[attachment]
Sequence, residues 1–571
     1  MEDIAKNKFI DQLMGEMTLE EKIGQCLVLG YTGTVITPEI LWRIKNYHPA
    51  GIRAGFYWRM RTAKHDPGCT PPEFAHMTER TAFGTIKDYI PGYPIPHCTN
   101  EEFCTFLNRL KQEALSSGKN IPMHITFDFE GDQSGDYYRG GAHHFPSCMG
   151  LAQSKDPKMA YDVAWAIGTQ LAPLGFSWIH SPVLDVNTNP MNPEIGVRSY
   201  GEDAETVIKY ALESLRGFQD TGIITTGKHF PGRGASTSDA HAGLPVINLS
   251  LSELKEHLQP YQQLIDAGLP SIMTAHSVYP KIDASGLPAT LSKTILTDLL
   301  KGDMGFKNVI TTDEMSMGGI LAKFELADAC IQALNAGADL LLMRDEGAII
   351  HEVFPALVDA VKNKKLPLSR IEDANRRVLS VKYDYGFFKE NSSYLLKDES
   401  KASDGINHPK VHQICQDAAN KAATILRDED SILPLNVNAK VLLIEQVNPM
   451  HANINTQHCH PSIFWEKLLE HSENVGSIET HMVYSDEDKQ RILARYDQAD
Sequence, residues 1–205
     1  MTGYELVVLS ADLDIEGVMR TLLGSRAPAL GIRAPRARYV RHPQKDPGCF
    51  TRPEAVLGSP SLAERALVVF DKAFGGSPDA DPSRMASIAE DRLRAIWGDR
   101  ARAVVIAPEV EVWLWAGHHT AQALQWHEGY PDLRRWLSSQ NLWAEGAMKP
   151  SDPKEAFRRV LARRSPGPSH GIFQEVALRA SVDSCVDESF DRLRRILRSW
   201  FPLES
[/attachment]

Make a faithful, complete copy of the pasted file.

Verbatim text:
Sequence, residues 1–571
     1  MEDIAKNKFI DQLMGEMTLE EKIGQCLVLG YTGTVITPEI LWRIKNYHPA
    51  GIRAGFYWRM RTAKHDPGCT PPEFAHMTER TAFGTIKDYI PGYPIPHCTN
   101  EEFCTFLNRL KQEALSSGKN IPMHITFDFE GDQSGDYYRG GAHHFPSCMG
   151  LAQSKDPKMA YDVAWAIGTQ LAPLGFSWIH SPVLDVNTNP MNPEIGVRSY
   201  GEDAETVIKY ALESLRGFQD TGIITTGKHF PGRGASTSDA HAGLPVINLS
   251  LSELKEHLQP YQQLIDAGLP SIMTAHSVYP KIDASGLPAT LSKTILTDLL
   301  KGDMGFKNVI TTDEMSMGGI LAKFELADAC IQALNAGADL LLMRDEGAII
   351  HEVFPALVDA VKNKKLPLSR IEDANRRVLS VKYDYGFFKE NSSYLLKDES
   401  KASDGINHPK VHQICQDAAN KAATILRDED SILPLNVNAK VLLIEQVNPM
   451  HANINTQHCH PSIFWEKLLE HSENVGSIET HMVYSDEDKQ RILARYDQAD
Sequence, residues 1–205
     1  MTGYELVVLS ADLDIEGVMR TLLGSRAPAL GIRAPRARYV RHPQKDPGCF
    51  TRPEAVLGSP SLAERALVVF DKAFGGSPDA DPSRMASIAE DRLRAIWGDR
   101  ARAVVIAPEV EVWLWAGHHT AQALQWHEGY PDLRRWLSSQ NLWAEGAMKP
   151  SDPKEAFRRV LARRSPGPSH GIFQEVALRA SVDSCVDESF DRLRRILRSW
   201  FPLES